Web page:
Page 32 - Jewish Book Annual Volume 43

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human faculty . . . the imagination always has the lust to
tear down meaning, to smash interpretation, to wear out
the rational, to mock the surprise of redemption, to replace
the fluid force of suspense with an image of stasis; to trans­
fix and stun rather than to urge; to spill out, with so much
quicksilver wonder, idol after idol.4
The education of Henry Adams
represented that moment when the
stability, the privilege, the Power of being an Adams confronted
the chaos and disorientation of modernity. By contrast, the “edu­
cation” of our various Chaim Adamses
in everything that,
for better or worse, the American twentieth century had to offer.
Not all our American-Jewish — or Jewish-American — writers
would agree with Abraham Cahan or Henry Roth, with Saul Bel­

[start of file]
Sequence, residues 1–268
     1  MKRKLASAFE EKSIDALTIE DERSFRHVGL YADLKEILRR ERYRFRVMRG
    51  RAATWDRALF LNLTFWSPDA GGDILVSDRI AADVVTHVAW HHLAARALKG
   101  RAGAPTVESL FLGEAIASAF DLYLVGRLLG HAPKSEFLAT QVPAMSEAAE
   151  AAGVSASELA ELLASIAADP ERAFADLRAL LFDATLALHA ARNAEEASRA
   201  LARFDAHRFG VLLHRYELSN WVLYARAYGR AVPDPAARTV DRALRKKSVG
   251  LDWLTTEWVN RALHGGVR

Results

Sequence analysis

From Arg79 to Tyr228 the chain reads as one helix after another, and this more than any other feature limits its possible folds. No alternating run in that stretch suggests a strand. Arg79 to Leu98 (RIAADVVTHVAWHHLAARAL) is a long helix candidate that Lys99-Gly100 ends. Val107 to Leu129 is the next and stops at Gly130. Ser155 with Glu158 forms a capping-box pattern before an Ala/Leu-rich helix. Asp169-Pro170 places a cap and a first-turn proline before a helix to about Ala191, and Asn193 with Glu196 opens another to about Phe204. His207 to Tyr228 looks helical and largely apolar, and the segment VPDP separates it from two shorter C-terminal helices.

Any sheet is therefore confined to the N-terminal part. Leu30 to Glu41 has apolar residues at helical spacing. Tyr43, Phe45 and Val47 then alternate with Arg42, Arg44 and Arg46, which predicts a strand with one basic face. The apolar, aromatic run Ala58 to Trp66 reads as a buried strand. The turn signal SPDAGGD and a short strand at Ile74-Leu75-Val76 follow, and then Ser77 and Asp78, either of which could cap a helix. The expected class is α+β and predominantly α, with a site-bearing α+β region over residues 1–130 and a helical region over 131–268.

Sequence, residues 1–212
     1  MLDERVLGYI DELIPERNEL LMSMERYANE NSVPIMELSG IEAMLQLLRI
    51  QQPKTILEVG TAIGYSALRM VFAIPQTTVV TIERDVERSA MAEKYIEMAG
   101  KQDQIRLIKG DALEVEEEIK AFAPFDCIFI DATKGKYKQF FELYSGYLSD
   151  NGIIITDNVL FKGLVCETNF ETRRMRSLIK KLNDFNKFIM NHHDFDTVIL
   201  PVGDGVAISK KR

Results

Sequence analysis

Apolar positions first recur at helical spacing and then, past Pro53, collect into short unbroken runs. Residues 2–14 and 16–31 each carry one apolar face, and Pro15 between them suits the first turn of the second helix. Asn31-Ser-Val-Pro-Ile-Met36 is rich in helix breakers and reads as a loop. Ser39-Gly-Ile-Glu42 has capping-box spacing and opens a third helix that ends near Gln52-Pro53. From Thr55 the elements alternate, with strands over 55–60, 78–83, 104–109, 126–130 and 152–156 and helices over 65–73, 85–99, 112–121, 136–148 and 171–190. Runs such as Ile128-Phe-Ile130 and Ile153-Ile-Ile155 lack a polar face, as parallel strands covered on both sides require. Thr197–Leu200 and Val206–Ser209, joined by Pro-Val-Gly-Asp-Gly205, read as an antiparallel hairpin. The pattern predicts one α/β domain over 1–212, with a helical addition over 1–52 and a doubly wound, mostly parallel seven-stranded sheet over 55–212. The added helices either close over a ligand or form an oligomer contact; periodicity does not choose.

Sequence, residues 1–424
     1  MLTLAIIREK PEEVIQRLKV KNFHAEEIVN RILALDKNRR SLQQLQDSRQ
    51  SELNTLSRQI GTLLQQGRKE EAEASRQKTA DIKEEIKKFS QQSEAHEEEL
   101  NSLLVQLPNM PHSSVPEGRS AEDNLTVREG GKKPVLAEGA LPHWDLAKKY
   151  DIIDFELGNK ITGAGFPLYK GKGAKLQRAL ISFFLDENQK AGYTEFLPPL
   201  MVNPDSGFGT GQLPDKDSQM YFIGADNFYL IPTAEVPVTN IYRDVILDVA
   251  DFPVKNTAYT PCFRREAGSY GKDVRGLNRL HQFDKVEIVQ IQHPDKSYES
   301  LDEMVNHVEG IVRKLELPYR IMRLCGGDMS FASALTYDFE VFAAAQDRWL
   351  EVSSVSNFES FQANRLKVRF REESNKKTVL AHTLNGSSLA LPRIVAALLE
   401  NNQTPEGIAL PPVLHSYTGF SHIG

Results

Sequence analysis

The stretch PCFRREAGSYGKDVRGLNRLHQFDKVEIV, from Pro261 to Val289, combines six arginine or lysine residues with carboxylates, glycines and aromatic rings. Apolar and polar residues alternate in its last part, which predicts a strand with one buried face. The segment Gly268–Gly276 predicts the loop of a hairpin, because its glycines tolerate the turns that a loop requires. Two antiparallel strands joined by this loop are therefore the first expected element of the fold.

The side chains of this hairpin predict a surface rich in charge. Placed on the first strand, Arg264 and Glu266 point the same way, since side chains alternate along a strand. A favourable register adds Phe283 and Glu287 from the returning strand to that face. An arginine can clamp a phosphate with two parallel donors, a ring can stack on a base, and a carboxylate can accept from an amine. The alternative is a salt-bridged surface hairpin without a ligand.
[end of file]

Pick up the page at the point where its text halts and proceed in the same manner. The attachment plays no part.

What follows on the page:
low or Cynthia Ozick, but they are likely to agree that whatever
we now mean by the “education” of a Jewish writer, it must con­
sider more than . . who had the most castrating mother, who
the most benighted father.” Which is to say, Alexander Portnoy
no longer grabs the last word as the discussion continues, and
writers like Johanna Kaplan, Norma Rosen and A rthur Cohen
add their eloquence to the record of opinion already in.
4 Cynthia Ozick,
Art & Ardor
(New York: Alfred A. Knopf, 1983), p. 247.